I would like to begin by saying that I am not in favor of “participation” trophies for youth athletes. The reason is not that we are giving out trophies to every player; instead, it’s the lack of creativity in what we call them and the meaning behind them. After coaching dozens of youth teams, I know that an eight- year-old player who came to practice, worked hard, played in the games and cheered on his/her teammates is not excited to be recognized as a “participant.” As parents and coaches, we have to be able to come up with something more meaningful than “participant.” [Read more…] about Sport Participation Trophies: A New Perspective
Atlanta Inner-City Youth and Atlanta Police Department Come Together to Play in the Safe At Home™ Game, August 1 at Georgia Tech
L.E.A.D., APIVEO & the Atlanta Police Foundation to Address
Race & Law Enforcement Through Baseball
ATLANTA: July 16, 2015 – L.E.A.D. (Launch. Expose. Advise. Direct.) and APIVEO (Always Play IV Each Other) today announced details for its first annual Safe At Home™ Game sponsored by the Atlanta Police Foundation, Russell Athletics and Zaxby’s.
The Safe At Home Game is a self-officiated baseball game between a special group of young, Black, inner-city youth, called Ambassadors, and members of the Atlanta Police Department.
The event will be hosted at Georgia Tech’s Russ Chandler Stadium on August 1st with first pitch at 11 a.m. Grammy nominated gospel artist, Canton Jones (cantonjones.net) will perform at the event as well.
While the country has been gripped by violence in inner city communities, L.E.A.D. is determined to be a positive voice and a model for other urban communities.
“Providing platforms for our L.E.A.D. Ambassadors to be admired as positive leaders instead of marginalized statistics is my Divine Purpose in life,” said C.J. Stewart, Atlanta native and co-founder/CEO of L.E.A.D. “We’ve partnered with like minded organizations who understand now is the time to act, and any quality, sustainable change must include our young men.”
“We are committed to making Atlanta the safest and most inviting city possible,” said Dave Wilkinson, President & CEO of the Atlanta Police Foundation. “Our youth play a special role in helping us achieve this goal. We are proud to partner with The Ambassadors in this endeavor.”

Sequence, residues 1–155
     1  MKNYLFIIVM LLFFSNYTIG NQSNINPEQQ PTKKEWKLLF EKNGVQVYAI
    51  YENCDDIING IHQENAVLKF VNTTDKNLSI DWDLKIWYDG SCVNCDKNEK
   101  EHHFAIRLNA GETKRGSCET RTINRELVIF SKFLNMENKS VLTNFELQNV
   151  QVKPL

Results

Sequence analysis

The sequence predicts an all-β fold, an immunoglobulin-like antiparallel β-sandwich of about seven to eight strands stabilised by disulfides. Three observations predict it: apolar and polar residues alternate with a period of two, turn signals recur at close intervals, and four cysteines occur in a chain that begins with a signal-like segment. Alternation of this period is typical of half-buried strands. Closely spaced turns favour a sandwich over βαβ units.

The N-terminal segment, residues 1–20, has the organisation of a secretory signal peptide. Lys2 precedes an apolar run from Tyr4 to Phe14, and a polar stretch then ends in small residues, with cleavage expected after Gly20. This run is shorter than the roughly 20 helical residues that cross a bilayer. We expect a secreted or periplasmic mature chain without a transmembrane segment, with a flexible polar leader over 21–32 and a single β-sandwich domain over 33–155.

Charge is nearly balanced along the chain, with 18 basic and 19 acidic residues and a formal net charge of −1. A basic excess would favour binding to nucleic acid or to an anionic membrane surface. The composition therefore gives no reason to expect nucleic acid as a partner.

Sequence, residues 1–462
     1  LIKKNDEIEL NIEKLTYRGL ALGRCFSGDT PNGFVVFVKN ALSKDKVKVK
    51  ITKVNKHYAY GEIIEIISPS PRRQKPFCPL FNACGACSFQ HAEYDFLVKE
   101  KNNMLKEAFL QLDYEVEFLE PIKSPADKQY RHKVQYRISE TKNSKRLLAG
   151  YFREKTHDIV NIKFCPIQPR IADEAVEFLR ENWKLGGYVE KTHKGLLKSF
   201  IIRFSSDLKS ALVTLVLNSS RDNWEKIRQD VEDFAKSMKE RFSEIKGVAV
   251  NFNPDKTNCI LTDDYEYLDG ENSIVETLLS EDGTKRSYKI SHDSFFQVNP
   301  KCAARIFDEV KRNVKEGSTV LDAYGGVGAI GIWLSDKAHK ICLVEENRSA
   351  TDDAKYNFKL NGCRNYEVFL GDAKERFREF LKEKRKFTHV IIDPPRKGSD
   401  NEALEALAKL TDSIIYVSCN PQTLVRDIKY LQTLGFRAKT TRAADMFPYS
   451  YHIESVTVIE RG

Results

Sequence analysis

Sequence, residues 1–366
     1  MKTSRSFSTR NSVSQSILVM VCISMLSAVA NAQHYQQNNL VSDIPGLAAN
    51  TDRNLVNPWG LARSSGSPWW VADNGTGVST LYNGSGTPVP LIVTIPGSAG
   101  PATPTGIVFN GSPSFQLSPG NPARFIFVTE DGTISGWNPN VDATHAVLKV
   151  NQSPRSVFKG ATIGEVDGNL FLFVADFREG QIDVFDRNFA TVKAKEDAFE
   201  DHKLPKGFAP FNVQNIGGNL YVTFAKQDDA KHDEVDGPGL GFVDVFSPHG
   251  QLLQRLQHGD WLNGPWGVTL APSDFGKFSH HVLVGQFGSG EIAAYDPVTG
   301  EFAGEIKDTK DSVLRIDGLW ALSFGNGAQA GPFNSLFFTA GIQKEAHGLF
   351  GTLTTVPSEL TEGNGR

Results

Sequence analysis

“The Safe At Home Game will give us a unique opportunity to do what we should be doing everyday in our communities – overshadowing the bad with the good,” said Brad Jubin, founder of APIVEO.
Atlanta inner-city youth will play vs. members of the Atlanta Police Department in a self-officiated baseball game, to help foster trusting, cooperative relationships between Atlanta Police and the community.
Saturday, August 1, 2015:
10 a.m. – Ambassadors host baseball clinic for children in the Police Athletic League 11 a.m. –
1 p.m. – On field Program includes special presentations to Atlanta Public Schools
Russ Chandler Stadium at Georgia Tech 255 5th Street Northwest
Atlanta, Ga. 30332
WHY: A testimony about the inspiration for this game…
“Last September CJ Stewart, Co-founder of L.E.A.D., invited my 10 year old son, Christian, and I to speak to his L.E.A.D. Ambassadors prior to one of their Legacy League fall baseball games. The L.E.A.D. Ambassadors are all high school students that attend various Atlanta Public Schools. The game was played at Booker T Washington High School which sits in one of the highest crime ridden areas in the entire country much less our city or state. Needless to say, I was apprehensive about the environment.
After our 10 minute leadership talk my son and I stayed to watch the first game. There was a lot of baseball talent on the field. The players from both teams were talented and invested great effort. After an inning or so we noticed that there were no umpires. If the batter didn’t get a hit after a few pitches he either went to first base or to the dugout. There was plenty of cheering and encouragement and friendly joking and prodding going on but not a single disagreement or complaint.
After the game I thanked CJ for having us and told him we really enjoyed the game. I then asked him what the rules were. He said that because they couldn’t afford umpires, all games are self-officiated. The rules are 2 balls are a walk and 2 strikes are an out and the catcher makes all calls. I wandered what happened if a player doesn’t agree with the call. CJ quickly said, “They go home.”